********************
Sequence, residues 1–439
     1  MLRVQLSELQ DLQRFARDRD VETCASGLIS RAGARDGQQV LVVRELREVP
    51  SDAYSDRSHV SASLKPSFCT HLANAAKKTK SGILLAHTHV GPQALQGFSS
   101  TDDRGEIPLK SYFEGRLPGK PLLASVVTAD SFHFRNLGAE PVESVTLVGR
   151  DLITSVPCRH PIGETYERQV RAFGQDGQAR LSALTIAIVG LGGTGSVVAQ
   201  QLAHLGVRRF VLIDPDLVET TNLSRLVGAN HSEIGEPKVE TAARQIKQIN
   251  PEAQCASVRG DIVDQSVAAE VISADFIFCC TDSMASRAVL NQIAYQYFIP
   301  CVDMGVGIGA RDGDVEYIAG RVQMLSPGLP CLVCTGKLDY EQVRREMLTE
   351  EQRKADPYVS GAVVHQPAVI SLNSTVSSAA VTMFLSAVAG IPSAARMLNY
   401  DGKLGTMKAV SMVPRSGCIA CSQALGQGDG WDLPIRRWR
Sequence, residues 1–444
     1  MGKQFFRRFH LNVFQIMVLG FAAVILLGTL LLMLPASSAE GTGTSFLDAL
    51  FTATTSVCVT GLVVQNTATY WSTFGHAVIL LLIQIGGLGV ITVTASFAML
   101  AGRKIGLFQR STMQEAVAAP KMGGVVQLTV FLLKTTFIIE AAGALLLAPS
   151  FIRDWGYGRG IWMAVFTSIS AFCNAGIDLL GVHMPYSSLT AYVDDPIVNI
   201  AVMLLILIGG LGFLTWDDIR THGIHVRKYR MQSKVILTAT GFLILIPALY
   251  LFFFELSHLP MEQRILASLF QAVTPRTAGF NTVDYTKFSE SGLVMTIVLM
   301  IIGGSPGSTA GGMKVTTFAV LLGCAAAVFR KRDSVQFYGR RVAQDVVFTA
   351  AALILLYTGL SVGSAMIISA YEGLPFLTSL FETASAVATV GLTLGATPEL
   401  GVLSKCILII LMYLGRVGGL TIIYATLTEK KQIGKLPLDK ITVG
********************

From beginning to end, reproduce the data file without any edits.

Sequence, residues 1–439
     1  MLRVQLSELQ DLQRFARDRD VETCASGLIS RAGARDGQQV LVVRELREVP
    51  SDAYSDRSHV SASLKPSFCT HLANAAKKTK SGILLAHTHV GPQALQGFSS
   101  TDDRGEIPLK SYFEGRLPGK PLLASVVTAD SFHFRNLGAE PVESVTLVGR
   151  DLITSVPCRH PIGETYERQV RAFGQDGQAR LSALTIAIVG LGGTGSVVAQ
   201  QLAHLGVRRF VLIDPDLVET TNLSRLVGAN HSEIGEPKVE TAARQIKQIN
   251  PEAQCASVRG DIVDQSVAAE VISADFIFCC TDSMASRAVL NQIAYQYFIP
   301  CVDMGVGIGA RDGDVEYIAG RVQMLSPGLP CLVCTGKLDY EQVRREMLTE
   351  EQRKADPYVS GAVVHQPAVI SLNSTVSSAA VTMFLSAVAG IPSAARMLNY
   401  DGKLGTMKAV SMVPRSGCIA CSQALGQGDG WDLPIRRWR
Sequence, residues 1–444
     1  MGKQFFRRFH LNVFQIMVLG FAAVILLGTL LLMLPASSAE GTGTSFLDAL
    51  FTATTSVCVT GLVVQNTATY WSTFGHAVIL LLIQIGGLGV ITVTASFAML
   101  AGRKIGLFQR STMQEAVAAP KMGGVVQLTV FLLKTTFIIE AAGALLLAPS
   151  FIRDWGYGRG IWMAVFTSIS AFCNAGIDLL GVHMPYSSLT AYVDDPIVNI
   201  AVMLLILIGG LGFLTWDDIR THGIHVRKYR MQSKVILTAT GFLILIPALY
   251  LFFFELSHLP MEQRILASLF QAVTPRTAGF NTVDYTKFSE SGLVMTIVLM
   301  IIGGSPGSTA GGMKVTTFAV LLGCAAAVFR KRDSVQFYGR RVAQDVVFTA
   351  AALILLYTGL SVGSAMIISA YEGLPFLTSL FETASAVATV GLTLGATPEL
   401  GVLSKCILII LMYLGRVGGL TIIYATLTEK KQIGKLPLDK ITVG